To adopt this new, broader bioeconomy, we need to react appropriately to the grand challenges society faces – how we react to these changes will make them either an opportunity or a threat. The UK is in a strong position to harness the chance to deliver sustainable solutions – the opportunity comes from supporting the bioeconomy, whilst the threat comes from not doing anything or implementing policies (e.g. affecting regulation) which block relevant advances. We should also continue to nurture the world-class research, training and innovation that exists in the UK and enable UK scientists to work in partnership with the best international collaborators and policymakers across the globe. This increases the impact of their research and maximises the value of UK investment from both Government and industry. The major UK funding bodies have, for example, invested around £100M since 2012 in the area of Industrial Biotechnology and Bioenergy. This investment includes support for a number of technology and innovation centres such as the Centre for Process Innovation (CPI) which works in partnership with UK companies to prove and scale-up research into new processes. CPI helps companies to de-risk the complex process of translation from laboratory to production plant and so increases the probability of commercialisation. Similar investments have also been made in the areas of Synthetic Biology and Agri-tech. All have successfully leveraged investment from industry to accelerate the transition in UK biotechnology through collaborative partnerships. This investment and support for the bioeconomy needs to be maintained in the long term as it can take many years for new businesses to be created. The UK has shaped a positive environment for those willing to invest in the bioeconomy and it needs to build on this good start. Continued investment through public-private collaboration is essential to maintain confidence and the momentum to develop the products, processes and services that can help transform industries and society.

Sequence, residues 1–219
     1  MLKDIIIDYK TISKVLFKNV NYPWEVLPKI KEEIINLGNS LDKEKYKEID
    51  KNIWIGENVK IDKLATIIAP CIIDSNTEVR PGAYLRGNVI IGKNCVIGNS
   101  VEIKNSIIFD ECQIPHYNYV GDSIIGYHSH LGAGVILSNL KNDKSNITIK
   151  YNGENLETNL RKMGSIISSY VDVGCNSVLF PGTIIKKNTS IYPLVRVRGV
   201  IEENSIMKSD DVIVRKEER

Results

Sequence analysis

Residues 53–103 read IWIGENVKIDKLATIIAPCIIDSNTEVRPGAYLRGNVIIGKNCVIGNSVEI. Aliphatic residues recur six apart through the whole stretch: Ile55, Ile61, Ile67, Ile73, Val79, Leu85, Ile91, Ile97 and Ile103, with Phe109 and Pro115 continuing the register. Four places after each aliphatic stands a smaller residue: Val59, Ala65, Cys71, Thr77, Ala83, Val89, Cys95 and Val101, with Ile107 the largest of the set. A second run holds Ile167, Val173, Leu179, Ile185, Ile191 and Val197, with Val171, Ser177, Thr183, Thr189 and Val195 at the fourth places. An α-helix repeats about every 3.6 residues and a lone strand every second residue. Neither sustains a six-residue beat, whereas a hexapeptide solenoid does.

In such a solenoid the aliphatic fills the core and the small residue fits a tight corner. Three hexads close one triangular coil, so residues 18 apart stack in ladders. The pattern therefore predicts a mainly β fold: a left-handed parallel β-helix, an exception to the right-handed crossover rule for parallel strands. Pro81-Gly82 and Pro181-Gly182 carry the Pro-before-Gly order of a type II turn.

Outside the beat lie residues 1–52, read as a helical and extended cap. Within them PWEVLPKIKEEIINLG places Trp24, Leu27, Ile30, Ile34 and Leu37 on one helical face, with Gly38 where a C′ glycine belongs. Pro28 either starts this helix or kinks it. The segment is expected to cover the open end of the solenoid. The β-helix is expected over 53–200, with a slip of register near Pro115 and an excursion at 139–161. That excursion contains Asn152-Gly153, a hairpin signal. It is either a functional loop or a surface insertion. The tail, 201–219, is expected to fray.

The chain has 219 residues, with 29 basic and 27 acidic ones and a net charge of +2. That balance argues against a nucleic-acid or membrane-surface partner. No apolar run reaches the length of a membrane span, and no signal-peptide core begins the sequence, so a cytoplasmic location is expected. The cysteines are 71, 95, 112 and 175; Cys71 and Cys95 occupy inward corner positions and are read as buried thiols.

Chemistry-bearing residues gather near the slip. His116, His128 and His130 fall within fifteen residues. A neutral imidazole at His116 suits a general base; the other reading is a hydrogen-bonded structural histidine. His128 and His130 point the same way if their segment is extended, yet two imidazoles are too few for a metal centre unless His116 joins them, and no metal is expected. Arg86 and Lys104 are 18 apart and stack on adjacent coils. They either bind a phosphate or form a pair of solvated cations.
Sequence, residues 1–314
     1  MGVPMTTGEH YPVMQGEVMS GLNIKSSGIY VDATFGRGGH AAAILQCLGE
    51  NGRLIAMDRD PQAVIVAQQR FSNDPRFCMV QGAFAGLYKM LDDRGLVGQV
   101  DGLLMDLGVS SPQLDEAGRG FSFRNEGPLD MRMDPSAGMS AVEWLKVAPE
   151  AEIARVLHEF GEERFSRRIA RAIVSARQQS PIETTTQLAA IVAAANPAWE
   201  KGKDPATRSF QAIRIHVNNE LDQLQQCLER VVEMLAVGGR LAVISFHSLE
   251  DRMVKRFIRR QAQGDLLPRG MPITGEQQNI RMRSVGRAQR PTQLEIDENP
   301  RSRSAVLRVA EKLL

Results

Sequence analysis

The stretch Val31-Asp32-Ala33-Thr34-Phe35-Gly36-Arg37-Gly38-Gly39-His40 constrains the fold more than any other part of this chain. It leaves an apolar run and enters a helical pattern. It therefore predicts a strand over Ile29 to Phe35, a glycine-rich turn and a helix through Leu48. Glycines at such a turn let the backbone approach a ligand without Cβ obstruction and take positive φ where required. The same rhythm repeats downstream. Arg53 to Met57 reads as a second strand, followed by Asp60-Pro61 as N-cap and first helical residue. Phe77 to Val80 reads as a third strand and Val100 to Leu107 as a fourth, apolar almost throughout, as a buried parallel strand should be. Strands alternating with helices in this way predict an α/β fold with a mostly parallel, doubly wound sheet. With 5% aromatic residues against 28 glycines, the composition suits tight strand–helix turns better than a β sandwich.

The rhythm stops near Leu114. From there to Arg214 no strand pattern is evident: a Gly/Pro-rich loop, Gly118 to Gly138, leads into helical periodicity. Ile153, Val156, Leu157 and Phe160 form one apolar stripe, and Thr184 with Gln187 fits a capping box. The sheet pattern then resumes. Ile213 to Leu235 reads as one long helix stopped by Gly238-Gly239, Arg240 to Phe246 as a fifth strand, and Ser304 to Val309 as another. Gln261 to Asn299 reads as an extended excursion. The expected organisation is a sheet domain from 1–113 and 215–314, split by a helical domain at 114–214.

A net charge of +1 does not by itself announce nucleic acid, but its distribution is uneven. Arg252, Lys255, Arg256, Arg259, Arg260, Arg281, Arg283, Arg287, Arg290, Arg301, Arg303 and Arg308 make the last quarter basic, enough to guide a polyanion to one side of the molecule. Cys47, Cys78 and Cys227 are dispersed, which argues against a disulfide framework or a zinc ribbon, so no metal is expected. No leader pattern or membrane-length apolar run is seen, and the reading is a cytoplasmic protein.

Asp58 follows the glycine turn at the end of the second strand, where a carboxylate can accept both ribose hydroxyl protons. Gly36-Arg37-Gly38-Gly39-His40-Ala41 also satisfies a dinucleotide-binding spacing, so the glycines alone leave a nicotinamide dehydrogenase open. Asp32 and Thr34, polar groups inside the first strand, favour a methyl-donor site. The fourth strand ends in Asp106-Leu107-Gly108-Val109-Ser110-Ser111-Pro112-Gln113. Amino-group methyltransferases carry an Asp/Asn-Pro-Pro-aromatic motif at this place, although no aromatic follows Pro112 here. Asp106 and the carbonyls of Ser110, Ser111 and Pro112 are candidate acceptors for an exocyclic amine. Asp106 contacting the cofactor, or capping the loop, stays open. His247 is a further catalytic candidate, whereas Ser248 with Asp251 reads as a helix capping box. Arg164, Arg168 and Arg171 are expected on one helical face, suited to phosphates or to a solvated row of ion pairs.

Developing biotechnologies such as advanced sequencing, synthesis and analytical techniques will help to build a platform for UK based companies to commercialise. In addition, work in theses exciting new innovative technologies can help inspire today’s young people to study the sciences and engineering – they will provide tomorrow’s bioeconomy workforce.
A thriving UK bioeconomy that integrates with our existing industries is likely to be a major part of the answer we need to address our dependence on imported fossil fuels and reduce the damage we do to our environment. It may even help bring back consistent economic growth. It is clear that we will need to move away from our reliance on the earth’s dwindling natural resources. Are we ready for a new bioindustrial revolution?
SME Fiberight is working with CPI and the High Value Manufacturing Catapult to demonstrate a commercial process for turning landfill waste into a repeatable sugar, a raw material in the production in biofuels, which replaces cereal crop for non-food applications. The programme will enable mixed household waste to be processed through application of industrial biotechnology into high value chemicals and biofuels. This essentially turns a problem waste into sustainable products, replacing mineral oil as a feedstock.
Midatech is running a development programme with CPI and the High Value Manufacturing Catapult to scale up and commercialise the manufacture of insulin coated gold nanoparticles which are being used in a new insulin delivery patch. The delivery patch uses insulin attached to inorganic gold nanoparticles which are formulated into a dissolving film for the oral delivery of insulin to diabetic patients. This patch will eliminate the current invasive method of injecting insulin to the patient.